Richmonds go head to head

Two generations of a Victoria theatre dynasty duke it out at the 10th Annual M Awards.

Jacob and Brian Richmond duke it out over who will win bragging rights for Favourite Director in the 10th annual M Awards, awarded Tuesday, April 24 at Club 9ONE9.

Atomic Vaudeville had a big year in 2011. Their musical Ride the Cycle, written by Jacob Richmond and Brooke Maxwell was a hit at the Belfry and went on to a sold-out runs at the Arts Club in Vancouver, the Yukon Arts Centre  and Toronto’s Theatre Passe Muraille.

Now Ride the Cyclone is shortlisted in three categories of the 2011 M Awards; Favourite Overall Production, Favourite Director (For Jacob Richmond and Britt Small), and Favourite Musical, taking first place in all three categories, as voted by Monday readers.

I sat down with Jacob and his father, Blue Bridge Repertory Theatre Artistic Director, Brian Richmond (who was also nominated for Favourite Director for Blue Bridge’s production of Who’s Afraid of Virginia Woolf?, which was also up for Favourite Overall Performance) the day before the results were revealed at Club 9ONE9 (Tuesday, April 24) for a chat about friendly competition between generations in this theatre dynasty.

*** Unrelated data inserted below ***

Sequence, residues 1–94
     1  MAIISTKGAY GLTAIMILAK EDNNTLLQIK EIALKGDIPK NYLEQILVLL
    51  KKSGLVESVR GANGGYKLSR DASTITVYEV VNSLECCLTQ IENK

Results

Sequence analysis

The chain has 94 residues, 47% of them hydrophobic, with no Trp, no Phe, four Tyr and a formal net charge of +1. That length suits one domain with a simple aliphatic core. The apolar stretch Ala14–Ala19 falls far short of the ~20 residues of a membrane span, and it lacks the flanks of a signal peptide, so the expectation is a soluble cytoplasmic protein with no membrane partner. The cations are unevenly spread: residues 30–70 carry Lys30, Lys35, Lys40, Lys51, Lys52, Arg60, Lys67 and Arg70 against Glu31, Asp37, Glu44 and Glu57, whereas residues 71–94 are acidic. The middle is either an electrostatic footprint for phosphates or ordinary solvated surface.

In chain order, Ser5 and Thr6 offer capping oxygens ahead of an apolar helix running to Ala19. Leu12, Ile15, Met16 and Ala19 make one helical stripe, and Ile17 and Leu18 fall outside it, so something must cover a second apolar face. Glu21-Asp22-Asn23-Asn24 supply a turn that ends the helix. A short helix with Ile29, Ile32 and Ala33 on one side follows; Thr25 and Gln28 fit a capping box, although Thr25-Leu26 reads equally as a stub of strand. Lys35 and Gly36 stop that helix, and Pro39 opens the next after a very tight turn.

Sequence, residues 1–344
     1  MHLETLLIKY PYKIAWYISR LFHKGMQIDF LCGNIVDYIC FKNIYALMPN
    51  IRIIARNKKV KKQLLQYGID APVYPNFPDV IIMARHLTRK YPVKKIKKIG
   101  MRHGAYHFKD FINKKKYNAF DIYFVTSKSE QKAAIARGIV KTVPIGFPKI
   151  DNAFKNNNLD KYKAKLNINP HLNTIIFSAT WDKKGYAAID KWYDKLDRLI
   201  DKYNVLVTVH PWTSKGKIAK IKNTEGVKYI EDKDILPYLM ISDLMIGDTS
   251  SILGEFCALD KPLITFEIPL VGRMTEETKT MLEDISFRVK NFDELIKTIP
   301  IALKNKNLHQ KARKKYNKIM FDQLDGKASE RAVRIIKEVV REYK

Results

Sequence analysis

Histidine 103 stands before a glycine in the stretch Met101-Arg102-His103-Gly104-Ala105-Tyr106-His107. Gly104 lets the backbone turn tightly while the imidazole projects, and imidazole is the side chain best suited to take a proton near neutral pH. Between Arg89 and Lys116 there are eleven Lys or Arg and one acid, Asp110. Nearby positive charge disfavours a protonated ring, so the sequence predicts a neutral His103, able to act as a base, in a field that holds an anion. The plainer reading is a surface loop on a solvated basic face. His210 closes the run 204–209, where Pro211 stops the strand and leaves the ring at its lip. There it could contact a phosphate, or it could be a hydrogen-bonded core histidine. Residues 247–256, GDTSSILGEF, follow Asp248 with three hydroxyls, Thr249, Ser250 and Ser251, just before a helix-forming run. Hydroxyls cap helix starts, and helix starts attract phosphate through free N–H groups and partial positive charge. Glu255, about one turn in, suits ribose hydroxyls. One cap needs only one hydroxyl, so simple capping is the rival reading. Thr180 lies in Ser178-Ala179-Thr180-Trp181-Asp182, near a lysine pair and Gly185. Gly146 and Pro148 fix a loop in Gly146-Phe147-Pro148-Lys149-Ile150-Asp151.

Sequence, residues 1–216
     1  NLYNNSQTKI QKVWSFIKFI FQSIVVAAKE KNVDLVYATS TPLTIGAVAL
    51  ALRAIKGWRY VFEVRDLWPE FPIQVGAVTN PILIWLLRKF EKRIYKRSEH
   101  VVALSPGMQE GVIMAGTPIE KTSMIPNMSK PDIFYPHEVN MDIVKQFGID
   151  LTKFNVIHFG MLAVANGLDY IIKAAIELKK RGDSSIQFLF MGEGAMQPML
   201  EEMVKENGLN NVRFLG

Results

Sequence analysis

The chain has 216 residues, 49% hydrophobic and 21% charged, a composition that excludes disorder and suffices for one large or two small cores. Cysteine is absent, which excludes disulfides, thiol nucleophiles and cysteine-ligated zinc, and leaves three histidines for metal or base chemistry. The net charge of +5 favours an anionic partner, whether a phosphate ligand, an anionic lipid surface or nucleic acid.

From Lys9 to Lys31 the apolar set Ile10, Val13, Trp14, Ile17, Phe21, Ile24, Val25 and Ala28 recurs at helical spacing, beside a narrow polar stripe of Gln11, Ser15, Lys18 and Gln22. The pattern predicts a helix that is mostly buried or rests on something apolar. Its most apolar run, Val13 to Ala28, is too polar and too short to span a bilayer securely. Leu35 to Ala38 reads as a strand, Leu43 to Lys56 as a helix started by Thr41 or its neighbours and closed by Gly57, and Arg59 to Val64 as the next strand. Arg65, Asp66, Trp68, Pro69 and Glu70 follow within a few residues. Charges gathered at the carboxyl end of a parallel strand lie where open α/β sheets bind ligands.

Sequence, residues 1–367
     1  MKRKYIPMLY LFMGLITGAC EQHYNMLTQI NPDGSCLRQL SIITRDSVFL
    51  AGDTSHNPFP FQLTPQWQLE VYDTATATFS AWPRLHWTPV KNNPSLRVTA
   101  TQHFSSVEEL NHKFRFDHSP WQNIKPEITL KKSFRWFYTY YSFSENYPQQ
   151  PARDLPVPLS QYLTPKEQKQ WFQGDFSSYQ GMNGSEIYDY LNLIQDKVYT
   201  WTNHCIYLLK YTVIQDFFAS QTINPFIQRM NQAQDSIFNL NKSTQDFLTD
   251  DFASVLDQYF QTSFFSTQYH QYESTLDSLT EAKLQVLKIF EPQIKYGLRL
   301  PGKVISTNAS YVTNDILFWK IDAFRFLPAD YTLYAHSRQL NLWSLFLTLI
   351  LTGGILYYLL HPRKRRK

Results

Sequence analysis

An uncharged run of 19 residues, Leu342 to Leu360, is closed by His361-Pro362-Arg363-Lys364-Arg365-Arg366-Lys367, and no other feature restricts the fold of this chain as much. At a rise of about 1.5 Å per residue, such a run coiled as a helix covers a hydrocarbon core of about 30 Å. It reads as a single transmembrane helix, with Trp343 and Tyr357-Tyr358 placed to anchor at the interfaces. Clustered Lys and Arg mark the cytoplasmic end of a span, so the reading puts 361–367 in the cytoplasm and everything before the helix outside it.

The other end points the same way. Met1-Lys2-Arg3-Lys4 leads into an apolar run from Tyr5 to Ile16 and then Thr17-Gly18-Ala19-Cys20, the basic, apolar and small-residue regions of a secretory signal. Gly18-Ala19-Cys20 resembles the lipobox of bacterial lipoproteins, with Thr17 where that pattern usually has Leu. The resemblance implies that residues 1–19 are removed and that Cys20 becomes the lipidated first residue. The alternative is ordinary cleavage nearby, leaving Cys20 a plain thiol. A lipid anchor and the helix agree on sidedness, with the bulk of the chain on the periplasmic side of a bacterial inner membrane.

“All my life we’ve worked together,” says Jacob. “It’s a funny thing because Ride the Cyclone and Virginia Woolf are two very different things.”

Ride the Cyclone and Who’s Afraid of Virginia Woolf? Even ran concurrently last summer.

“It wasn’t a conscious choice for them to run together,” says Jacob. “But it wouldn’t have made a difference anyway,” says Brian. “They’re very different experiences.”

“But he had the bigger theatre,” says Jacob.

Virginia Woolf was a huge success for Blue Bridge, attracting its largest crowds ever to one of their productions. “It was the best selling show we’ve ever had. It’s very bizarre that a show about people cannibalizing each other would do so well,” says Brian. “But it’s Jacob’s show that got the Canadian tour.”

Ride the Cyclone is booked to tour Vancouver, Edmonton, Winnipeg and Saskatoon next season.

“It will be great to be back at Persephone,” says Jacob. “I almost grew up there.”

Brian was the first aritistic director at Persephone and apparently he used to use Jacob as a “human experiment” when he was younger. He remembers a time making Jacob run past a video camera naked for a multi-media portion of a production of A Midsummer Night’s Dream.

“It was only his bum,” says Brian with a laugh.

“Then I was the kid at school that everyone had seen his bum,” says Jacob. “I was in Grade 4.”

Now the tables have turned. And although Jacob won’t be forcing his father into any nudity any time soon, he will have bragging rights for future Sunday dinners in the Richmond household. Ride the Cyclone is clearly Monday readers’ choice for best production, best musical and best direction this year. M

 

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